This Southampton Village residence has ties to an estate that was built for a maverick Wall Street investor. It is listed for $1.85 million.
The 2,100-square-foot condominium is part of the 17-acre Whitefield community, which was developed in the early 1980s using “The Orchard,” the sprawling residence of high-stakes Wall Street broker James Lawrence Breese, as its focal point.
The unit for sale is one of the few single-level examples in the community, says listing agent Laura Nigro of Douglas Elliman Real Estate. She is co-listing with Carl Nigro.
A bookcase-lined open living/dining room features a custom wood-burning fireplace. Windows flanking the fireplace provide views toward the community’s rose garden, which has a 144-foot pergola and was designed by architect Stanford White, who is also the namesake of the development. The Orchard was his final commission, Nigro says.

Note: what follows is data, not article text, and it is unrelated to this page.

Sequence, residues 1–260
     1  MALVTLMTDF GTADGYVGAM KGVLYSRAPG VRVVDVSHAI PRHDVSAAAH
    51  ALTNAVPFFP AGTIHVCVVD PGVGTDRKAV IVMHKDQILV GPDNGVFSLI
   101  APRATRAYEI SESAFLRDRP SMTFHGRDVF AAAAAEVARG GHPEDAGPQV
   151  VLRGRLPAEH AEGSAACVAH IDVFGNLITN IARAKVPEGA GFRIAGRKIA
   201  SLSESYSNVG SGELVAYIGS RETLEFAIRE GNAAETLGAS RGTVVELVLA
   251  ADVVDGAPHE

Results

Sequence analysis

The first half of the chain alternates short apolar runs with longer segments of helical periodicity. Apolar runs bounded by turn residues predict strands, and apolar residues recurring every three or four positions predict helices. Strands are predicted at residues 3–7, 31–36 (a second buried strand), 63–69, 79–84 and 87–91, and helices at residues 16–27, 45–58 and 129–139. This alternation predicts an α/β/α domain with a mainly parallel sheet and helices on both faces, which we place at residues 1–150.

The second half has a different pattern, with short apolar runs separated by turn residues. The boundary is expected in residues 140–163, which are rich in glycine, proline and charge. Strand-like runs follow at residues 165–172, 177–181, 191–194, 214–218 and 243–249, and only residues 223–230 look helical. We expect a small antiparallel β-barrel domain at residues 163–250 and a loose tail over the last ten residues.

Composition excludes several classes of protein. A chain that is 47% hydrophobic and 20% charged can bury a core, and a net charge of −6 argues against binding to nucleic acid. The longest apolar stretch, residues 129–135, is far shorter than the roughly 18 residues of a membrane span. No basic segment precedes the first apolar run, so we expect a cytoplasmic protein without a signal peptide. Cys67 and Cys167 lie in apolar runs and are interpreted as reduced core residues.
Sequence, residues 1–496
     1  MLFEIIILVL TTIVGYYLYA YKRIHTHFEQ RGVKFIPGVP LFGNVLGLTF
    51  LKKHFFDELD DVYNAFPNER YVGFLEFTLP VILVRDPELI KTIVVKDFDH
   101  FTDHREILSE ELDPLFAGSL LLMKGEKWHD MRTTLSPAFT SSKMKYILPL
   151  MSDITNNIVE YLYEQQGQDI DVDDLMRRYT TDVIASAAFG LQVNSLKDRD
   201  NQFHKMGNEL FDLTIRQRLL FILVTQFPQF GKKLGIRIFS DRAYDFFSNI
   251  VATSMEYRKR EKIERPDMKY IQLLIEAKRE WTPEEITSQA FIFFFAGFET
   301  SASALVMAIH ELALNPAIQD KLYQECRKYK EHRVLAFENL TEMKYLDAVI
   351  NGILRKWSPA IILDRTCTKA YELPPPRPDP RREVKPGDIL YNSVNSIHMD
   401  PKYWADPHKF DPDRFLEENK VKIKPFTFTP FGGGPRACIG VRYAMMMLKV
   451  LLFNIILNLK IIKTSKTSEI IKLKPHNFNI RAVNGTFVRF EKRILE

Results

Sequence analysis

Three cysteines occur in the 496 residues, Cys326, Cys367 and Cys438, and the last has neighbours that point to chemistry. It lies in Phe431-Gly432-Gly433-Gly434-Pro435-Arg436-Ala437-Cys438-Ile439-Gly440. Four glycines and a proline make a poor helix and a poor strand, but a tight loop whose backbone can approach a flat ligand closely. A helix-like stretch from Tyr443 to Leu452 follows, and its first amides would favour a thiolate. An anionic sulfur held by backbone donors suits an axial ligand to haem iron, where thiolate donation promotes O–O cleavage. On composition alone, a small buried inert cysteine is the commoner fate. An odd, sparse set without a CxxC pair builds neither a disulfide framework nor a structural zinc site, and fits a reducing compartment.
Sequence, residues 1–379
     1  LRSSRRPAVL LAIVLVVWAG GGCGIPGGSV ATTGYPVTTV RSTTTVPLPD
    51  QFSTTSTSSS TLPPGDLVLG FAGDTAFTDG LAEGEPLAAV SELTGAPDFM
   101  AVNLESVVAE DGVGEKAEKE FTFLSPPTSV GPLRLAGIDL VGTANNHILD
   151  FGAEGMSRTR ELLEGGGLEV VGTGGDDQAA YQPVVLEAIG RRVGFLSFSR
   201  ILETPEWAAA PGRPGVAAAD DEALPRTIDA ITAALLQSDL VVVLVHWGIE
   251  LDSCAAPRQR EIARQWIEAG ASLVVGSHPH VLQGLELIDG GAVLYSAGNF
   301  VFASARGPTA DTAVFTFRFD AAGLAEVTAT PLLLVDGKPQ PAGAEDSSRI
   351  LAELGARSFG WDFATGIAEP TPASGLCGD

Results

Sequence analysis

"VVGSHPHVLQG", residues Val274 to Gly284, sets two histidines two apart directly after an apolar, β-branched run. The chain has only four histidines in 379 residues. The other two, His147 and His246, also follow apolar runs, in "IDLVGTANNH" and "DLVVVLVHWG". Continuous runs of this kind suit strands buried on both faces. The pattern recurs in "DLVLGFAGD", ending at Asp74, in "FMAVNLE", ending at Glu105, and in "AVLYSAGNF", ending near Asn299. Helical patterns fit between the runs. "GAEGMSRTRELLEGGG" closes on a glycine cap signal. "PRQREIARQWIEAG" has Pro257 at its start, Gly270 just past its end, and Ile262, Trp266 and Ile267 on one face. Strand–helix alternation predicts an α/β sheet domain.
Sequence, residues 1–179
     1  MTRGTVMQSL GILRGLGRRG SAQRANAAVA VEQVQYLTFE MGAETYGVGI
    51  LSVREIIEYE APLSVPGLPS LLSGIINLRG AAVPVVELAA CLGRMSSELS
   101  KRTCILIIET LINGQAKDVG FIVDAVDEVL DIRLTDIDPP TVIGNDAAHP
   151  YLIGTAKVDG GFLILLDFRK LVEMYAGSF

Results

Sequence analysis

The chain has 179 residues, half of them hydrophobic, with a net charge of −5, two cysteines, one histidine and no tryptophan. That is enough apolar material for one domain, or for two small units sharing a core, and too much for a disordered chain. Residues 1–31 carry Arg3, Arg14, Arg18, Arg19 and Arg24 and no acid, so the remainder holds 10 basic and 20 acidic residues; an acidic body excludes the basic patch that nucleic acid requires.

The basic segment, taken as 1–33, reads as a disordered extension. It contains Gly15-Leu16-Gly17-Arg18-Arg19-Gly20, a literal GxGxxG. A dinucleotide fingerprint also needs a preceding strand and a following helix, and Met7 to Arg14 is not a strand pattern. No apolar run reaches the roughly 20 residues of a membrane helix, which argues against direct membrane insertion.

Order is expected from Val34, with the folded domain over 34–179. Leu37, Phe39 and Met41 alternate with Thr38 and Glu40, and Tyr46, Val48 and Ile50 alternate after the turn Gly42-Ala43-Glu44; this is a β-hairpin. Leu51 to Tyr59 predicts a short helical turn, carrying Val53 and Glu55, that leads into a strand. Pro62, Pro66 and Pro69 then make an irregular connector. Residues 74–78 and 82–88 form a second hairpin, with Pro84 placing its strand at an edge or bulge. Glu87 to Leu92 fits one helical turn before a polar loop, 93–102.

Two bedrooms share a full bathroom, while the master-bedroom suite with large closets has a bathroom en suite. A kitchen has stainless steel appliances, white cabinets and surfaces, and a black-and-white checkerboard tile floor.
Immediately outside the home there is a brick patio with an awning. The community includes an Olympic-size swimming pool, two tennis courts and European-inspired landscaping crafted by the Olmsted Brothers. Garage privileges for one car are included.
For parties, residents can also reserve space in an elaborate event hall — formerly The Orchard’s Renaissance music room, which has painted Italian ceilings and ceiling-high gilded columns.
Stanford White and the firm of McKim, Mead & White designed The Orchard by expanding a circa-1858 Georgian Revival sea captain’s house and using George Washington’s Mount Vernon as a model, according to the book “Houses of the Hamptons 1880-1930” by Gary Lawrance and Anne Surchin.
Facing financial troubles, Breese sold The Orchard and its 30 acres in 1925 to Charles Merrill, co-founder of what became Merrill Lynch, in the 1920s. Amherst College received the land after Lynch died in 1956 and briefly operated a satellite campus there. In 1960, the property was converted to the Nyack Boys School, which folded in the early 1970s and cleared the way for development.